The Black Diamond Library has been a civic institution in this small King County mining town since 1917. That year, volunteers gathered book donations and started a library in a room in the town's Pacific Coast Hotel. The library was soon moved to the waiting room of the abandoned railroad depot. However, the library closed in 1943 because nobody was available to run it. It reopened in 1945, as a branch of the King County Rural Library District (now the King County Library System, KCLS). In 1957, the Black Diamond Library moved out of the depot and into a small cottage donated by the school district. It remained in the cottage until 1968, when the library moved into a room in Black Diamond's new municipal building. In 1990, Black Diamond voters overwhelmingly approved full annexation into KCLS. The library moved out of the municipal building into a leased space in 1991. In 2008, KCLS opened a new 5,000-square-foot Black Diamond Library.
A Coal Town and Its First Library
In 1880 the Black Diamond Mining Company, out of California, sent a crew to explore reports of coal veins in the Cascade foothills of southeastern King County near the Green River. They discovered a lucrative seam. In 1882 the company sent 181 miners and their families to develop and work the mines in the new company town of Black Diamond (a common slang term for coal). The mines were connected to the port of Seattle by a rail line. Miners, many of Welsh or Italian descent, poured in. By 1900 the population had grown to nearly 3,500. The Pacific Coast Company bought the town and the mines in 1904. The town went through several periods of labor unrest but thrived on the coal industry until the 1930s, when demand for coal weakened. The Pacific Coast Company later shut down the mines.
The town shrank, but persisted. Black Diamond was incorporated as a city in 1959, and its 1960 population was 1,026. In recent decades, it has slowly been absorbed into the Seattle-Tacoma metropolitan area and the population has grown to a level higher than during the coal boom, with an estimated population of 4,376 in 2015. The city is now a relatively far-flung suburb of the metro area, yet it still retains much of its rural, forested character and its citizens have kept alive its mining heritage.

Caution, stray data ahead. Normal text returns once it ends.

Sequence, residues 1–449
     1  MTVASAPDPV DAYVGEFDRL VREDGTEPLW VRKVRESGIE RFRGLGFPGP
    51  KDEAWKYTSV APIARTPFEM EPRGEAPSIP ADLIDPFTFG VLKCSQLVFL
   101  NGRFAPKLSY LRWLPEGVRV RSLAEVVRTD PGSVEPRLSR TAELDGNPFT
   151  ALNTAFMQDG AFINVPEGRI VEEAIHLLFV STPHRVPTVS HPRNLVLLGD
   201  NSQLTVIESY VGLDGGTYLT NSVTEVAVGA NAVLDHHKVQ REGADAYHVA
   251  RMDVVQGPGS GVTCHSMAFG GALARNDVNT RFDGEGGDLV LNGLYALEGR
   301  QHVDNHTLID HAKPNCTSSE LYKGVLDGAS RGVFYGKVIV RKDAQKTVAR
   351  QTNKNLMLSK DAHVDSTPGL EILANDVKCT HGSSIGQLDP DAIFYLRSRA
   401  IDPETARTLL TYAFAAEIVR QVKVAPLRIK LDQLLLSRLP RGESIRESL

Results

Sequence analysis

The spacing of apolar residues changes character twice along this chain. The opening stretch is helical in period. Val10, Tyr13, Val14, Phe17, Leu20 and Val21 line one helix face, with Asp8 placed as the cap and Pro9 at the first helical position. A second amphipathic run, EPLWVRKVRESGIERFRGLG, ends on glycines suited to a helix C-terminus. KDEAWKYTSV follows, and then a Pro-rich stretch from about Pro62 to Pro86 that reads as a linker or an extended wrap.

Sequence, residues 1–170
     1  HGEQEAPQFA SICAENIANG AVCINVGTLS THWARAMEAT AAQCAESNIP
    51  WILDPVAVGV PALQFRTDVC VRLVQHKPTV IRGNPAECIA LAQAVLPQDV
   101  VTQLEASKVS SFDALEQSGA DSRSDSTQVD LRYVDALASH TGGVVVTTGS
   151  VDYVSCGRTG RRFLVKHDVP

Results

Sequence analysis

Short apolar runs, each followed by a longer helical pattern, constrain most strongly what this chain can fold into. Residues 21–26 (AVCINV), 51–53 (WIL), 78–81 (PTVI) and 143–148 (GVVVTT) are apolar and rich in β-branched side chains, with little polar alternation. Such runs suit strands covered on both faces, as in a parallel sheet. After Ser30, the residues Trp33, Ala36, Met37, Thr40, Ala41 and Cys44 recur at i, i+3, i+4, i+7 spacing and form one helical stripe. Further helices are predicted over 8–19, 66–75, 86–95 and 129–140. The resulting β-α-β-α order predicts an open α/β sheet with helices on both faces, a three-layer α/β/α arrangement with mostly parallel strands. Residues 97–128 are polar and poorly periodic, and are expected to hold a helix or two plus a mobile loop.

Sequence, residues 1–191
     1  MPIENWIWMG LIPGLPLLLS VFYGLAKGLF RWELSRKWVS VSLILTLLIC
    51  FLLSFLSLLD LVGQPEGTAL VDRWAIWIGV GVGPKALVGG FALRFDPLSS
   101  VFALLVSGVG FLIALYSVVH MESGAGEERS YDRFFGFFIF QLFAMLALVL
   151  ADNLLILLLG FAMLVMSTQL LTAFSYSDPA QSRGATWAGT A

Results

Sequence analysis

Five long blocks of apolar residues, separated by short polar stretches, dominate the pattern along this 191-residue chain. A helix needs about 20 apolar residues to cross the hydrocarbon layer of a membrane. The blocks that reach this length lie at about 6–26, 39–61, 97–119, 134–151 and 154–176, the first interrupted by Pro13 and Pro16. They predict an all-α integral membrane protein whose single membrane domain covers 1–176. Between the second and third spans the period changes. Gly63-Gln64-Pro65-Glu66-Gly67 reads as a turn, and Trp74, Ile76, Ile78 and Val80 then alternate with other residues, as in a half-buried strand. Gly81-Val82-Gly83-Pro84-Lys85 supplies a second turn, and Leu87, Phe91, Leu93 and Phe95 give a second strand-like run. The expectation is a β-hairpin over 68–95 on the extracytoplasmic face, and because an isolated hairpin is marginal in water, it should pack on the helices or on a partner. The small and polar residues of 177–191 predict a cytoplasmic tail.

Black Diamond's first library, in 1917, was decidedly modest. It consisted of a room in the Pacific Coast Hotel, a 67-room establishment built that year by the Pacific Coast Company to house miners. This room was filled with books, mostly donated. Ann Steiert, who would later serve on the town's library board, remembered volunteers "going door to door," asking for donations of old books (Davidson). She also recalled that when she visited the library as a girl, her mother required her older sister to chaperone, since most of the library patrons were men (Wilson). Over time the book collection increased, and at some point the library outgrew its tiny room. The books were moved over to the old railroad depot, called the Pacific Coast Coal Depot, which was no longer being used by the railroad. The former waiting room became the Black Diamond Library.
Part of the King County Rural Library District
However, in 1943 -- with many residents off to war -- the library shut down because no one was available to operate it. The books were moved to a school basement. The newly established King County Rural Library District, later to be known as the King County Library System (KCLS), soon stepped in and offered bookmobile service twice a month to the residents of Black Diamond. The bookmobile (affectionately nicknamed Belinda) gave many book-loving Black Diamond residents a taste for what they might gain by being associated with the county library system.
In August 1944 a Black Diamond teacher identified only as "Mrs. Cobb" approached the King County Rural Library District about "establishing a permanent library in the community" ("History of the Libraries"). The county district agreed to help and several representatives came out to Black Diamond. They reported that the women of the community were still papering the walls. They also reported that the old, stored books were largely unsalvageable. New books were acquired with help from the district, and local volunteers continued to spruce up the former library space in the old railroad depot. It reopened on June 22, 1945, as a branch of the King County Rural Library District. It was one of many small rural libraries utilizing the services of the county library district.